Some simple things you look for are below:
1) If you have never monitored this before, then start monitoring the mlog transaction growth now. About every “X” minutes or so run the above query to see how the numbers look (everyone’s environment is different, so you can choose an interval you feel would suit you best; I use 10-15 minutes to start off). If you monitor for a while and the only change you see in growth is an upward trend with only small dips, then you may have an issue. This is where previous monitoring helps, because that would give you and idea of where the tipping point would be.
2) If you have been monitoring and you see that there is an upwards trend in transactions, but it is still below the tipping point of total transactions, then continue to monitor or look into the options above. If it gets past the tipping point, then rebuilding the materialized views may be an option. You will have a good idea of what the tipping point is if this has happened before.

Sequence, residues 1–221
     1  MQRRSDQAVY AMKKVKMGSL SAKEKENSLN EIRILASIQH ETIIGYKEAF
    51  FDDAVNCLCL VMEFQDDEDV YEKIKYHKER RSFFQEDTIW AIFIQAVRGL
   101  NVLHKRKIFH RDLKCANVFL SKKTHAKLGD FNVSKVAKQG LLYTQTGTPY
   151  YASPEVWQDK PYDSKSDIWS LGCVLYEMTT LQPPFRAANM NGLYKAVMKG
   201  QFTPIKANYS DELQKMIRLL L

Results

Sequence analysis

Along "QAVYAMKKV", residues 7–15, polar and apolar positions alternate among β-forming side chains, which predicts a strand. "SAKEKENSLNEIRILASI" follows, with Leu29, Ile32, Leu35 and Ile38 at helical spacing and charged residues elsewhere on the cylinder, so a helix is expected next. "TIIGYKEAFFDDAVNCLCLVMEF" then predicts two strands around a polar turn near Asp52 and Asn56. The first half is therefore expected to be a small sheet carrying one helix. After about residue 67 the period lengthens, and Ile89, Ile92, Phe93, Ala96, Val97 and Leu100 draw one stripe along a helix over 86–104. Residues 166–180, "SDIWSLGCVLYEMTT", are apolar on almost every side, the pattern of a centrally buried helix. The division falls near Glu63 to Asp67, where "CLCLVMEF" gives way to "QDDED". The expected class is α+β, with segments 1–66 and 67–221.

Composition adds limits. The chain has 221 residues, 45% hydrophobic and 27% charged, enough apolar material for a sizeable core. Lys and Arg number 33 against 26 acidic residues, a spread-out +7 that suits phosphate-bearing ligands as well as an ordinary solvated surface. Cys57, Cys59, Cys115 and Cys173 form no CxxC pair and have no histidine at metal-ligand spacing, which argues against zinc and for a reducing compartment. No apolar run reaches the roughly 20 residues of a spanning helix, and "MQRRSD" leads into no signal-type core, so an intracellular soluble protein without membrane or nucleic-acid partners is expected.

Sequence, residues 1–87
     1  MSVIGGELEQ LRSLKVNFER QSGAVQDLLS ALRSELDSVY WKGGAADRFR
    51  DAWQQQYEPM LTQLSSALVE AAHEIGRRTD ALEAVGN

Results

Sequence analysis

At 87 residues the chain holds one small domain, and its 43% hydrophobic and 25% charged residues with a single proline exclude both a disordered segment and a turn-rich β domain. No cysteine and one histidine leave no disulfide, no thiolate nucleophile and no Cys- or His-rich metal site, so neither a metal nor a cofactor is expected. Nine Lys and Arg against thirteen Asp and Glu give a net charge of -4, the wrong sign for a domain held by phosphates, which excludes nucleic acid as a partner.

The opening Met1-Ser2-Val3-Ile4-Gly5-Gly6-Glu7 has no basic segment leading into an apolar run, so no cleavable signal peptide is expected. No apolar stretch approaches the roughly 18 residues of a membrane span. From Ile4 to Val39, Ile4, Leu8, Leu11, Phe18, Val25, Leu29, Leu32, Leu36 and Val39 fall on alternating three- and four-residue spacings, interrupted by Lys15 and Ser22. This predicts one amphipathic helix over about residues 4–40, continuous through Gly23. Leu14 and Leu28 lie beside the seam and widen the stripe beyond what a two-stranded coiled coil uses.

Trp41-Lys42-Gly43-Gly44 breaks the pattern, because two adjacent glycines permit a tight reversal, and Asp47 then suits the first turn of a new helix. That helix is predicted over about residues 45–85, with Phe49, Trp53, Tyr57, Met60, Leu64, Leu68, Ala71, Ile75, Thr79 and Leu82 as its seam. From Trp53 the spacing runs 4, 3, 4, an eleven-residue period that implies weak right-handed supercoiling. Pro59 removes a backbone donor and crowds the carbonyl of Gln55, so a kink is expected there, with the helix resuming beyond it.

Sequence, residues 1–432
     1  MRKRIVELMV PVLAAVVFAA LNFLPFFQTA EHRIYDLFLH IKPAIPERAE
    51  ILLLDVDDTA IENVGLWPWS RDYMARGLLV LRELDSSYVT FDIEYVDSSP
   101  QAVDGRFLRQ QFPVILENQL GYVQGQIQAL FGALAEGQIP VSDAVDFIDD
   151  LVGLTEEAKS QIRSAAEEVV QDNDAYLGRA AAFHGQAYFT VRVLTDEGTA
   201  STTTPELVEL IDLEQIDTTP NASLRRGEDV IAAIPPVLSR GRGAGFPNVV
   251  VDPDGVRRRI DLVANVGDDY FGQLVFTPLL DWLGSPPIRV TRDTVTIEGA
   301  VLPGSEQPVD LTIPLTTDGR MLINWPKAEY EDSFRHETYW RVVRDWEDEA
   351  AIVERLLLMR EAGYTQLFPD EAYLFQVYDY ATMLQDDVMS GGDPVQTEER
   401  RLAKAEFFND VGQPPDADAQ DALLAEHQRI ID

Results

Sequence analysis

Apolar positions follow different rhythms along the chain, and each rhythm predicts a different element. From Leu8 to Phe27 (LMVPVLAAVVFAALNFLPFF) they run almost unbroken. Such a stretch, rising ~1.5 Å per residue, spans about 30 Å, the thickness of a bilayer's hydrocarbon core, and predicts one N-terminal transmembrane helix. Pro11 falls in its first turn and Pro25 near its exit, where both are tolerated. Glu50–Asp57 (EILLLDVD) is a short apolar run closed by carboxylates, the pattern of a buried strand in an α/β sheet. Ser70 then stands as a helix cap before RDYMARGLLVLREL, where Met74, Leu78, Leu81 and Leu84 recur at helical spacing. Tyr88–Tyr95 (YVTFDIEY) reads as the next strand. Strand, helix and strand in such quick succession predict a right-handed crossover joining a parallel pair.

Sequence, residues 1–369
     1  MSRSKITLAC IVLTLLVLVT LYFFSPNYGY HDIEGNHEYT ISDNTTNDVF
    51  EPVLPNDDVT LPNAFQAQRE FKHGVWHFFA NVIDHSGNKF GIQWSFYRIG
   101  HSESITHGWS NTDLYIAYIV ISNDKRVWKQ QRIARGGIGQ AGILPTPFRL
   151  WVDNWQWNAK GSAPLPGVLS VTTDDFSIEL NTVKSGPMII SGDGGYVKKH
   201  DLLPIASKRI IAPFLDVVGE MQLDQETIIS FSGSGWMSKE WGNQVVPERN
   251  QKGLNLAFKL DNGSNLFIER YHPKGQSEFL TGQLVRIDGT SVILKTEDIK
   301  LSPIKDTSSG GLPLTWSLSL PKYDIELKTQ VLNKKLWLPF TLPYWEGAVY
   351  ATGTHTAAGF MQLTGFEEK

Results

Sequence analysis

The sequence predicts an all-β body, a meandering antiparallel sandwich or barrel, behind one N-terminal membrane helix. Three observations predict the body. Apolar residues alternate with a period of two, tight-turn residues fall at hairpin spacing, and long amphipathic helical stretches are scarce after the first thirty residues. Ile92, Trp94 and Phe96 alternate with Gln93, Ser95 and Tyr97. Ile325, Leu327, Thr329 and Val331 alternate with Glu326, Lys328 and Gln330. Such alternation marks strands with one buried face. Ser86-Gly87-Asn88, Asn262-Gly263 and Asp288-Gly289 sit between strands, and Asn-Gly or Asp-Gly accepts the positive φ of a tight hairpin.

3) If the data from the two previous options are giving growth trends that are making you nervous, then check the below options.
a. Check the Server(s). You may need an System Admin to help you with this. Check the load on the source (where the master/source table is located) and also check the target (where the materialized view is created). Other applications of or jobs running one the database server or even against the database itself can cause issues. CPU load and I/O load from external sources can have a big impact an the performance of the refresh. Keep in mind that even if you pass the tipping point, it is still possible for the refresh to catch back up once it gets the resources it needs. It may be necessary for you to ask the offending party(ies) to stop or at least back down on what they are doing, at least until the materialized view is able to catch back up.